Basic Text, p. 5

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Somethings not working. In fact, somethings been wrong for a long time, causing us pain and complicating our lives. The problem is that, at any given moment, it always appears easier to continue bearing the pain of our defects than to submit to the total upheaval involved in changing the way we live. We may long to be free of pain, but only rarely are we willing to do whats truly necessary to remove the source of pain from our lives.

Most of us didnt begin seeking recovery from addiction until we were sick and tired of being tired and sick. The same is true of the lingering character defects weve carried through our lives. Only when we cant bear our shortcomings one moment longer, only when we know that the pain of change cant be as bad as the pain were in today, are most of us willing to try something different.

Thankfully, the steps are always there, no matter what were sick and tired of. The irony is that, as soon as we make the decision to begin the Twelve Step process, we realize our fears of change were groundless. The steps offer a gentle program of change, one step at a time. No single step is so frightening that we cant work it, by itself. As we apply the steps to our lives, we experience a change that frees us.

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Just for today: No matter what prevents me from living a full, happy life, I know the program can help me change, a step at a time. I need not be afraid of the Twelve Steps.

Copyright 1991-2016 by Narcotics Anonymous World Services, Inc. All Rights Reserved


#47

June 3

Direct and indirect amends

We make our amends to the best of our ability.

Basic Text, p. 40

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The Ninth Step tells us to make direct amends wherever possible. Our experience tells us to follow up those direct amends with long-lasting changes in our attitudes and our behaviorthat is, with indirect amends.

For example, say weve broken someones window because we were angry. Looking soulfully into the eyes of the person whose window weve broken and apologizing would not be sufficient. We directly amend the wrong weve done by admitting it and replacing the windowwe mend what we have damaged.

Then, we follow up our direct amends with indirect amends. If weve acted out on our anger, breaking someones window, we examine the patterns of our behavior and our attitudes. After we repair the broken window, we seek to repair our broken attitudes as wellwe try to mend our ways. We modify our behavior, and make a daily effort not to act out on our anger.

We make direct amends by repairing the damage we do. We make indirect amends by repairing the attitudes that cause us to do damage in the first place, helping insure we wont cause further damage in the future.

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Just for today: I will make direct amends, wherever possible. I will also make indirect amends, mending my ways, changing my attitudes, and altering my behavior.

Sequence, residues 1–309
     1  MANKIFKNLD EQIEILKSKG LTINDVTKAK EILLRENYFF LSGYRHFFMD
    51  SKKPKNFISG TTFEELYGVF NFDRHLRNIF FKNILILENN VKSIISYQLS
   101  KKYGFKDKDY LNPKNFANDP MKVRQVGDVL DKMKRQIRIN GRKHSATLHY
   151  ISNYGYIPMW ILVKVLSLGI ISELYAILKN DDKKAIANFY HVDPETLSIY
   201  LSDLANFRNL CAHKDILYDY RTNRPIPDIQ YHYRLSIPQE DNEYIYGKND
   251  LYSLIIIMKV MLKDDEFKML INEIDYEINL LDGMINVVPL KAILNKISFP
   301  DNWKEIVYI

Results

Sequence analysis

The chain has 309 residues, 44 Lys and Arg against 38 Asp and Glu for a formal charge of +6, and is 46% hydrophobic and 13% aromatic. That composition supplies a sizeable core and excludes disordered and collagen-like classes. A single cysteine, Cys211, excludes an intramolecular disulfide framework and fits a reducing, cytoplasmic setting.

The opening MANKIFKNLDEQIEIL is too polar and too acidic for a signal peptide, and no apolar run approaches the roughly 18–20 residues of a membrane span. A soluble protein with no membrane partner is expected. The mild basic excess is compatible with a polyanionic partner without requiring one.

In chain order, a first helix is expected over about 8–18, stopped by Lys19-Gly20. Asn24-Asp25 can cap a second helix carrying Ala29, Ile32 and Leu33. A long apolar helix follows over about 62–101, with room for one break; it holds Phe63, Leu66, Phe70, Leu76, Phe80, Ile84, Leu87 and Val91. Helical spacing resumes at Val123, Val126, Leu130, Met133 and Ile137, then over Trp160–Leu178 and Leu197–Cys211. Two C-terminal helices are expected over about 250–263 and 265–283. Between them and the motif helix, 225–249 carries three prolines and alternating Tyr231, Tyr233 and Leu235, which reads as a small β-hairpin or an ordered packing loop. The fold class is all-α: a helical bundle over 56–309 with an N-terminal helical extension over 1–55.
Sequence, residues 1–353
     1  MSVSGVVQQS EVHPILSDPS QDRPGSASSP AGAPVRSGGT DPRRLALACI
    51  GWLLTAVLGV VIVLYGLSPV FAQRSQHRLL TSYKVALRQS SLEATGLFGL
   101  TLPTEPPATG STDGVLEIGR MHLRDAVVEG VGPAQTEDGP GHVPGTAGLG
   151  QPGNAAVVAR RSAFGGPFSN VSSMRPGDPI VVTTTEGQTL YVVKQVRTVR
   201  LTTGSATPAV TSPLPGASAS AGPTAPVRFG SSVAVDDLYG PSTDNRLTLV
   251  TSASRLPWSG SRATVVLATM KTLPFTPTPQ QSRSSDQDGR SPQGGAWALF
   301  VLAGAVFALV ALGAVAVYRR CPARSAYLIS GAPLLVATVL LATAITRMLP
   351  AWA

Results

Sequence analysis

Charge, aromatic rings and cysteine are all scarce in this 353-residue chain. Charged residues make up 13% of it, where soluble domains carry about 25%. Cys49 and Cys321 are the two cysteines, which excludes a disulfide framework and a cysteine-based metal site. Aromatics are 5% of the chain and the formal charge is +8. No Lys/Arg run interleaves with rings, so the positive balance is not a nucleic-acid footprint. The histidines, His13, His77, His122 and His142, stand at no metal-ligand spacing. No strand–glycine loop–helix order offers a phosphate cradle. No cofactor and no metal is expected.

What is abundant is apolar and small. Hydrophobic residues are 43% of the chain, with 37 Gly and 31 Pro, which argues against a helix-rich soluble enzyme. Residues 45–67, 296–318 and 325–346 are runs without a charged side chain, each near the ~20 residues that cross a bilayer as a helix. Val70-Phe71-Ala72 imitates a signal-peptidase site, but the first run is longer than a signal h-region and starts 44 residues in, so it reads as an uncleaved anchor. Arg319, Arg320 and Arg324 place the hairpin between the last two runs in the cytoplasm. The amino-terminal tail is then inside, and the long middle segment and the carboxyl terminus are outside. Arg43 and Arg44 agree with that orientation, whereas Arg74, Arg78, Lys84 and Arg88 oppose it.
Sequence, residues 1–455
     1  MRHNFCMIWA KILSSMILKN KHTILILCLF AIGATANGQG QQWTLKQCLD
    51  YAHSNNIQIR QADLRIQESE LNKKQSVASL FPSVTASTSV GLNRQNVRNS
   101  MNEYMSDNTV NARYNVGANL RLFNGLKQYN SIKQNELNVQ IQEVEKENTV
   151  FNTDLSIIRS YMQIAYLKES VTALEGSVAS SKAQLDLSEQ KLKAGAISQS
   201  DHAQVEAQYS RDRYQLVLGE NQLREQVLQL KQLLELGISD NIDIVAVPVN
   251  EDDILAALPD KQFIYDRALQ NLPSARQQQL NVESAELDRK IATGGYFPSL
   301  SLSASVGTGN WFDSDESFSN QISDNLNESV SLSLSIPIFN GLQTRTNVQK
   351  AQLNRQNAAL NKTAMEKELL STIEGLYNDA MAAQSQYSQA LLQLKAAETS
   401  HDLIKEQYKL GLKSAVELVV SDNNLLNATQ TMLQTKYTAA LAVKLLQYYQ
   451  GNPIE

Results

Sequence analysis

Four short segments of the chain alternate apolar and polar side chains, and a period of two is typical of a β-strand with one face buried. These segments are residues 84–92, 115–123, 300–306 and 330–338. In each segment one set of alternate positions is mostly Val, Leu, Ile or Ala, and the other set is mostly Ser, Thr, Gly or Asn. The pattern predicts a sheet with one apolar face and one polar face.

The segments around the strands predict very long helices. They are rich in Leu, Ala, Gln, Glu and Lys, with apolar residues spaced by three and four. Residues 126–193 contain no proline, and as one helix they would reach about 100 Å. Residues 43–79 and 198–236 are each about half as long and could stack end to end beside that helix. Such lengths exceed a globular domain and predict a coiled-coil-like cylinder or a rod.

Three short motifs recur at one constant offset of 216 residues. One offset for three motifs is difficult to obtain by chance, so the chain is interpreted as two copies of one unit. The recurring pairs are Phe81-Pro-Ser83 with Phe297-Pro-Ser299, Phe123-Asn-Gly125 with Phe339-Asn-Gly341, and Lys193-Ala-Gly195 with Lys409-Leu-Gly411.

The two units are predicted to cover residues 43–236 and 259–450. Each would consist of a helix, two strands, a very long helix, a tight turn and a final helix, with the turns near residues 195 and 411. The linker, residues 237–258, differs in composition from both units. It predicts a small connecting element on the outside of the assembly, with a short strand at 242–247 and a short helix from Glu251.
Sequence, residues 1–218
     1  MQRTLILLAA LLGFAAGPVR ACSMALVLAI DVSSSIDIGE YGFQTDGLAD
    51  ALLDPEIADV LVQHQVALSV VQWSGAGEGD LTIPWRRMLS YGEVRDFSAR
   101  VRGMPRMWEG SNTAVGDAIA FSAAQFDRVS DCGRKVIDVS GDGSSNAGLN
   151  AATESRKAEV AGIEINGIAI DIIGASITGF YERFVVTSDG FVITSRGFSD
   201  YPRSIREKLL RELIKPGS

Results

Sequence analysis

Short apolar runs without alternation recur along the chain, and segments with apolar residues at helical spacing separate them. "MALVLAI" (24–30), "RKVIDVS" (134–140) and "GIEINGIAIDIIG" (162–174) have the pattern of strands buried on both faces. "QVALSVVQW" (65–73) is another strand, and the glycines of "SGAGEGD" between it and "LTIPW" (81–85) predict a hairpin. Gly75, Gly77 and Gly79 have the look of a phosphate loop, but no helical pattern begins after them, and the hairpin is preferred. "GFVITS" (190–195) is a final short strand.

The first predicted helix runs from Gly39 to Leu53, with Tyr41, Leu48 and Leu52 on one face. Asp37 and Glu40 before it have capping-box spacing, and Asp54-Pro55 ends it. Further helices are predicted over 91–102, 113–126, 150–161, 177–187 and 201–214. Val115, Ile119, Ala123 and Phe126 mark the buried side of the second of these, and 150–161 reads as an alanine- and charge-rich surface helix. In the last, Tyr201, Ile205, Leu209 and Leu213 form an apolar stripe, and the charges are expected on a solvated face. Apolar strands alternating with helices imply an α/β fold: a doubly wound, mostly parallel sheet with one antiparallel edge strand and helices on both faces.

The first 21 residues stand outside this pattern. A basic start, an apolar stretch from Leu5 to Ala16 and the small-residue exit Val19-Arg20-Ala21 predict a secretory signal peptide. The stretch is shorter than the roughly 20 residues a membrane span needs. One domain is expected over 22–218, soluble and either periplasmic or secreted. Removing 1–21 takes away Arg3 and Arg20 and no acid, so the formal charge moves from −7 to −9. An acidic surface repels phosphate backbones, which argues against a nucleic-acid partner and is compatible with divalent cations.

Copyright 1991-2016 by Narcotics Anonymous World Services, Inc. All Rights Reserved


#48

June 4

Build, dont destroy

Our negative sense of self has been replaced by a positive concern for others.

Basic Text, p. 16

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Spreading gossip feeds a dark hunger in us. Sometimes we think the only way we can feel good about ourselves is to make someone else look bad by comparison. But the kind of self-esteem that can be purchased at anothers expense is hollow and not worth the price.

How, then, do we deal with our negative sense of self? Simple. We replace it with a positive concern for others. Rather than dwell on our low self-esteem, we turn to those around us and seek to be of service to them.

This may seem to be a way of avoiding the issue, but its not. Theres nothing we can do by dwelling on our low sense of self except work ourselves into a stew of self-pity. But by replacing our self-pity with active, loving concern for others, we become the kind of people we can respect.

The way to build our self-esteem is not to tear others down, but to build them up through love and positive concern. To help us with this, we can ask ourselves if we are contributing to the problem or to the solution. Today, we can choose to build instead of destroy.

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Just for today: Though I may be feeling low, I dont need to tear someone down to build myself up. Today, I will replace my negative sense of self with a positive concern for others. I will build, not destroy.

Copyright 1991-2016 by Narcotics Anonymous World Services, Inc. All Rights Reserved


#49

June 5

Honest prayer

Although honesty is difficult to practice, it is most rewarding.

Basic Text, p. 96

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How difficult we find it to be honest! Many of us come to NA so confused about what really happened in our lives that it sometimes takes months and years to sort it all out. The truth of our history is not always as we have told it. How can we begin to be more truthful?